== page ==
Wednesday, June 29, 2011
Sure, you can run Linux on robots and on desktops and, apparently, on small cats, and we've also seen it on plenty of tablets before, but this one is a little different. Max Lee over at Galaxy Tab Hacks created the video below to demonstrate a Samsung Galaxy Tab 10.1 running Ubunbu, but doing it on top of Android such that the tablet's native OS is running Linux in the background and then using a VM client to launch the UI. In other words: it's running both operating systems at once, and despite that we think the results are quite usable, even loading up this very website with aplomb. It's demonstrated after the break and if after watching you just gotta get a piece of that the full instructions are on the other end of the source link below.Permalink | Galaxy Tab Hacks | Email this | Comments"
Tuesday, June 14, 2011
Today at a special ‘Inside Search’ event in San Francisco, CA, the search giant is taking some time to walk through some of the recent (and upcoming) advancements in its search products.
Google Fellow Amit Singhal kicked off by discussing what he calls our quest for knowledge — as evidenced by the huge volume of searches that we perform on Google all day, every day. And to underscore that idea, he presented a series of graphs depicting how traffic to Google varies throughout the week.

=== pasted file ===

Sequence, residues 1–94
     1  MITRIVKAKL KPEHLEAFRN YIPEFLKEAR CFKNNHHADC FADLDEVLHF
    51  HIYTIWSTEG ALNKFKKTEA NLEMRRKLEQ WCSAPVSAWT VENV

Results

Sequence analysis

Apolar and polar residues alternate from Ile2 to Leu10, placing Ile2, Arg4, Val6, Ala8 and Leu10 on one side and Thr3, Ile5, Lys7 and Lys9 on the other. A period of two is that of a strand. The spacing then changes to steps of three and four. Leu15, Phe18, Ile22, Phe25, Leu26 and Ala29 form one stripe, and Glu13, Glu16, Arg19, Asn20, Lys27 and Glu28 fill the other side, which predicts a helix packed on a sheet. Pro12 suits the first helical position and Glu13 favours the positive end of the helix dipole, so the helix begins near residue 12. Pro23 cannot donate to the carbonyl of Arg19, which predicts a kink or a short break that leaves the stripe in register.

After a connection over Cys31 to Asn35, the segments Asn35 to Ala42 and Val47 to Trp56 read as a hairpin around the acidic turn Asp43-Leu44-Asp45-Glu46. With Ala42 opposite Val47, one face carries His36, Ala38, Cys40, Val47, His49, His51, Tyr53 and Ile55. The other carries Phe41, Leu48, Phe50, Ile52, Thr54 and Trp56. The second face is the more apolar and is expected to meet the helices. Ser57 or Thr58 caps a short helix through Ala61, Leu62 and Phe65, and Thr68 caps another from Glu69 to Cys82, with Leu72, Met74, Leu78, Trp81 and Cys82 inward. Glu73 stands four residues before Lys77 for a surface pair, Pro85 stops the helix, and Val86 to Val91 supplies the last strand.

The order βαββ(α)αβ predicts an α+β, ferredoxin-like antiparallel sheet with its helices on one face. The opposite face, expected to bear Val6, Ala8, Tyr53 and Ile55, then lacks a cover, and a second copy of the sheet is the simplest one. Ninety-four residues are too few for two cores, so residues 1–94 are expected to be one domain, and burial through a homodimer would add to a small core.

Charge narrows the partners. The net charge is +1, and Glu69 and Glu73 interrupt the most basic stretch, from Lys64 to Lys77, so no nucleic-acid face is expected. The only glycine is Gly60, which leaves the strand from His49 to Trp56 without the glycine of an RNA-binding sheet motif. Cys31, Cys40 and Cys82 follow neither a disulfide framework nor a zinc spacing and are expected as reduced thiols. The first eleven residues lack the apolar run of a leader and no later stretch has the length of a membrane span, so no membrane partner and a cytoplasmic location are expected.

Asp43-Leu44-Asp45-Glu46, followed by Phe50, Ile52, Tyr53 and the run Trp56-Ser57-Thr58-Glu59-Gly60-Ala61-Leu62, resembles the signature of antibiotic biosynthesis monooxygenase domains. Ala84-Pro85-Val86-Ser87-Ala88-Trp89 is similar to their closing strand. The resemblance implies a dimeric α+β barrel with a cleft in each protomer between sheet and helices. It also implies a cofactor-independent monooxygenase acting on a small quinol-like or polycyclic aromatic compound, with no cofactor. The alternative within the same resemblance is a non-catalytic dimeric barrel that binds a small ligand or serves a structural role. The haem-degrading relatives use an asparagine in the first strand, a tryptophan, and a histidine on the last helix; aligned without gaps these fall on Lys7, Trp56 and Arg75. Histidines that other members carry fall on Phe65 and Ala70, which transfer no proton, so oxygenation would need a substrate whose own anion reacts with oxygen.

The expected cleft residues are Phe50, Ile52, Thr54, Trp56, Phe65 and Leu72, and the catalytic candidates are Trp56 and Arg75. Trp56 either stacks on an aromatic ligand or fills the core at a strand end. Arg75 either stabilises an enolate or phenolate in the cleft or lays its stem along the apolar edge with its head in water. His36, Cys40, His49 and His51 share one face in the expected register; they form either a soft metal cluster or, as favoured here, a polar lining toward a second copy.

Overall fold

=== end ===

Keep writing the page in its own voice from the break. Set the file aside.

The bottom line: while desktop query volume is subject to fluctuations, we never stop searching from our mobile devices.
This trend is most pronounced in the graph above. In it, you can see how desktop queries dip during the summer months and around Christmas time. But that doesn’t happen to the mobile graph. We keep searching when we’re eating lunch, or away from the office, or visiting the family, or going on vacation.
Singhal says that this indicates that our quest for knowledge never ends(I think it also shows that we’re always hungry for content, though that doesn’t necessarily mean knowledge). Either way, it’s good news for Google — Singhal says that in the last two years, they’ve seen a 5x growth in mobile traffic, no doubt driven by the iPhone and Android.